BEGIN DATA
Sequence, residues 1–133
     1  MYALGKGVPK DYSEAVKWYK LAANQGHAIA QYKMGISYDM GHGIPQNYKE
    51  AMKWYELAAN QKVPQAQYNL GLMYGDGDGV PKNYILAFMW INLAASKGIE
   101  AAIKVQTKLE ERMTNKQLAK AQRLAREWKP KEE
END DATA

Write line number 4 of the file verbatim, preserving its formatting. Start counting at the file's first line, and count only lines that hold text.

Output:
   101  AAIKVQTKLE ERMTNKQLAK AQRLAREWKP KEE